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www.wmfd.com - More than 600 bodies have been recovered from the rubble of a building that collapsed in Bangladesh nearly two weeks ago and most of the victims worked at a garment export factory there. }}" />

   
 
 
Bangladesh Garment Export Industry Under Scrutiny

Story By: Larry Stine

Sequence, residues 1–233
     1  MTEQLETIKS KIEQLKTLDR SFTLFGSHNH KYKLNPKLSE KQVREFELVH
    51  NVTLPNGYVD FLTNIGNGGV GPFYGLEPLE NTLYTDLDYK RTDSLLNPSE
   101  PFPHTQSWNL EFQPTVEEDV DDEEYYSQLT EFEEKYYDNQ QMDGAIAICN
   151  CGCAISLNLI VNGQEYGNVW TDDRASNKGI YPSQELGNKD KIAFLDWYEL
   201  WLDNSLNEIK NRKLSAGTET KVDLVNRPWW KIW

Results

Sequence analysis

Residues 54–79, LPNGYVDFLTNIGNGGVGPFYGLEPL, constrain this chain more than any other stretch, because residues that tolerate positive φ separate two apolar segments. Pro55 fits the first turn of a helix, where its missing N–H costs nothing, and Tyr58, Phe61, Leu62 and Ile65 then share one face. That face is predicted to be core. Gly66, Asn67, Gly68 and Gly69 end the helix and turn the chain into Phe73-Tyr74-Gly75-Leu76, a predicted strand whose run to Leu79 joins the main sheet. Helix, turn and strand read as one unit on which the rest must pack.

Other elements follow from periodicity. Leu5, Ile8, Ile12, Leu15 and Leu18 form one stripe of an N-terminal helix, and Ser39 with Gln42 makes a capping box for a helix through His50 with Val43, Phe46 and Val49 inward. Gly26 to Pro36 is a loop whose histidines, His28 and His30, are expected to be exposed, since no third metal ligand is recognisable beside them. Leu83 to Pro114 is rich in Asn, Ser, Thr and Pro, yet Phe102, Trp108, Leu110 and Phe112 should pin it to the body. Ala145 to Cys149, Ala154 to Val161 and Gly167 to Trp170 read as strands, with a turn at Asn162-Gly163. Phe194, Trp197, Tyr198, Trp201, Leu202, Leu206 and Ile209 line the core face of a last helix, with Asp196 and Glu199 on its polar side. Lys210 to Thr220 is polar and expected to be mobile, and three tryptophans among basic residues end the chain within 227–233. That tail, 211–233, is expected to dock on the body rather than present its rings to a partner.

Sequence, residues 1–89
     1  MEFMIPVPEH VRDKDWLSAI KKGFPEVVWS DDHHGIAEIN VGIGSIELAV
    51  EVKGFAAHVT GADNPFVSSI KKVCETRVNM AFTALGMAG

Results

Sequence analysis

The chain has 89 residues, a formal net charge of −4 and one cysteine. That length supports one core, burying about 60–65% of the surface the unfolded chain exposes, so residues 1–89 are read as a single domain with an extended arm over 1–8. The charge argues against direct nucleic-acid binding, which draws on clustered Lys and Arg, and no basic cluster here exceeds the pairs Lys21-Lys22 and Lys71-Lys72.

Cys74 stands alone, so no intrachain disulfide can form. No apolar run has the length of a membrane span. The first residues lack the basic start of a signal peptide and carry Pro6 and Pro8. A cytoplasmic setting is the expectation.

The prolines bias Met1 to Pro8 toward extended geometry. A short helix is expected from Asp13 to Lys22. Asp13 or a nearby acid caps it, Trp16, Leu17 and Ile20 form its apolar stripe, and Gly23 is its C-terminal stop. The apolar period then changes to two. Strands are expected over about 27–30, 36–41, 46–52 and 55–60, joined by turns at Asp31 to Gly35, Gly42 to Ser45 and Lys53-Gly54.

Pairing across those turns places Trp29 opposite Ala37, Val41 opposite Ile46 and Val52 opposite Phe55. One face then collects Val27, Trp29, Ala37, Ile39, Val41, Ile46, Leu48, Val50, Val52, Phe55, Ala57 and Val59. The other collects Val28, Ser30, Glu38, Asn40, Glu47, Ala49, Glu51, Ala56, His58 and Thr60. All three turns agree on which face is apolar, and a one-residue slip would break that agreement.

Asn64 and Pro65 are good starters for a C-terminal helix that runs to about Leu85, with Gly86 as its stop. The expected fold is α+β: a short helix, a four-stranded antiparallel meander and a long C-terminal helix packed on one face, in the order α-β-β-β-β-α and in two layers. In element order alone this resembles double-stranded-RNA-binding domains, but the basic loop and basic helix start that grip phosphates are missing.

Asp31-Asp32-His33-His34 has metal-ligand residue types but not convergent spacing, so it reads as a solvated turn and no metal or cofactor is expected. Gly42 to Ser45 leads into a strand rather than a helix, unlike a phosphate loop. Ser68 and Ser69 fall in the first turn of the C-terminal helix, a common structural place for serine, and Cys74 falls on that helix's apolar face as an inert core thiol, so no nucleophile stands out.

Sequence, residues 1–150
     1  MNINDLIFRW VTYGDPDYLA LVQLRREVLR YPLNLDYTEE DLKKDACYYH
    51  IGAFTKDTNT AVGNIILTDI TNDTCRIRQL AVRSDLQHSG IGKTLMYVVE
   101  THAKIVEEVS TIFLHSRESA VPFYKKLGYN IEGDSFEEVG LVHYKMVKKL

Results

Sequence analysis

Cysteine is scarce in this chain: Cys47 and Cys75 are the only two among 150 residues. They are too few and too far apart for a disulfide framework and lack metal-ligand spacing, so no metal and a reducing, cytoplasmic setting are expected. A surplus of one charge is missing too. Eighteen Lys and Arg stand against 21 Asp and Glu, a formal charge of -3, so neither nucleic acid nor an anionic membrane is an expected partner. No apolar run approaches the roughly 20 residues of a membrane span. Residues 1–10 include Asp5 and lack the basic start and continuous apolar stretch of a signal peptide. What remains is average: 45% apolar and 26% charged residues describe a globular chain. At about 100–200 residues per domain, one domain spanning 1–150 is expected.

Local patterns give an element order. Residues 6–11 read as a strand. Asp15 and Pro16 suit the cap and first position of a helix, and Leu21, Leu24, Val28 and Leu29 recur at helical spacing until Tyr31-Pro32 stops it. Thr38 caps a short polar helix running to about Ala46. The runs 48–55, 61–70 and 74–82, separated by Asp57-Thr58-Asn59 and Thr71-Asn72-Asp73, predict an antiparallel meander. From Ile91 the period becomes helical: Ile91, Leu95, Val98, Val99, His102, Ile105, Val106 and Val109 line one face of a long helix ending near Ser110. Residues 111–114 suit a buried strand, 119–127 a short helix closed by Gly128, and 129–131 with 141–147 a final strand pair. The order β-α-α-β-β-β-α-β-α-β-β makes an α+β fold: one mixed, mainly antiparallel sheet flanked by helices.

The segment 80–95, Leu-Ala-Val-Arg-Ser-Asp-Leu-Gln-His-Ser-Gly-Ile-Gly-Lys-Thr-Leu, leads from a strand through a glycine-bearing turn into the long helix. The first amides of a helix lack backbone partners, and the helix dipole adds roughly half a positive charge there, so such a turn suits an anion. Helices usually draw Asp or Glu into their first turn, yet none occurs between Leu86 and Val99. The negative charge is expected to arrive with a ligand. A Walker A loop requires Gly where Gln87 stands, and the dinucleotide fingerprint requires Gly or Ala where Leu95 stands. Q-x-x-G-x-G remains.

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  Original Published: 5/12/2013 More than 600 bodies have been recovered from the rubble of a building that collapsed in Bangladesh nearly two weeks ago. Most of the victims worked at a garment export factory there. Government officials say substandard building materials, combined with the vibration of heavy machinery, led to the collapse. CNN's Jim Boulden takes a look at the garment export industry in Bangladesh. The garment industry found a natural home in poorer nations. The way to provide an abundance of cheap, ready-made clothing, is finding a huge labor pool, that is paid little. Bangladesh is now the second largest apparel exporter after China. How? Unlike some of its competitors, Bangladeshi manufacturing remains dirt cheap, and unions have limited power. The country cornered the absolute bottom of the value chain. "What's happened in Bangladesh is that they have been too successful as that this low road model of development, where they have offered low wage labor, and under invested in their own infrastructure and under invested in government regulations and government enforcement of laws," says Judy Gearhart of the International Labor Rights Forum. And while contracts poured in from the likes of Primark, Walmart, Carrefour, Gap and Disney, buildings went up fast, filled with workers, sometimes housed on illegally built floors, but wages remained low. "You have scale, you have expertise, you have an ecosystem in that industry which has built up around Bangladesh, so even if you have wages rise to say double triple, from 40 dollars a month to 80 or 120 dollars a month you would still have a thriving garment industry in Bangladesh," Nirmalya Kumar, of the London Business School. Bangladesh also benefits from the European Union giving the country extra help. Because it's so poor, Europe allows Bangladesh to ship garments to the world's biggest trading block, duty free. A sweetener the European Union says it might now suspend. A penalty for the country not cleaning up its garment industry. On the other hand, the United States still imposes duties on clothes from Bangladesh. The government says if the United States eliminated that tariff, costing as much as 32 cents on the dollar value of each garment, workers would benefit. "If this 32 cents was not an impediment, we would be able to offer the American middle class a lower price, its possible for us to have a bigger margin, and its possible for us to transfer the biggest chunk of this to better terms of employment," says Bangladesh High Commissioner Mohamed Quayes. The big brands may not wait for trade sanctions. Disney pulled out before the latest building collapse, but after a fire last year, that and political disruptions, have made some western firms to look toward higher cost India. "We would not want to see the brands departing. I mean they've benefited from the profit margins, now is not the time to walk away from the mess," says Gearhart. But more could follow. "A couple more of these incidents and the foreign brands will run. They cannot afford to take the kind of brand image beating that they are taking right now," says Kumar. But then, who would force Bangladesh to change? And keep scenes like this from happeing again?
   
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